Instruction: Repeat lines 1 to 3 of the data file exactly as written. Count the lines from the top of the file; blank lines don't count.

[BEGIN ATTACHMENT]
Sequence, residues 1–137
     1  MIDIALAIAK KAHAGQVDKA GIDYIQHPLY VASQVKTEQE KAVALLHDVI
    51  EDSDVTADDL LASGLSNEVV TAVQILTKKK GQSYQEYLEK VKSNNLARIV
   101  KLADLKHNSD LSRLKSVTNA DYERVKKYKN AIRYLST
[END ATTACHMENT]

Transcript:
Sequence, residues 1–137
     1  MIDIALAIAK KAHAGQVDKA GIDYIQHPLY VASQVKTEQE KAVALLHDVI
    51  EDSDVTADDL LASGLSNEVV TAVQILTKKK GQSYQEYLEK VKSNNLARIV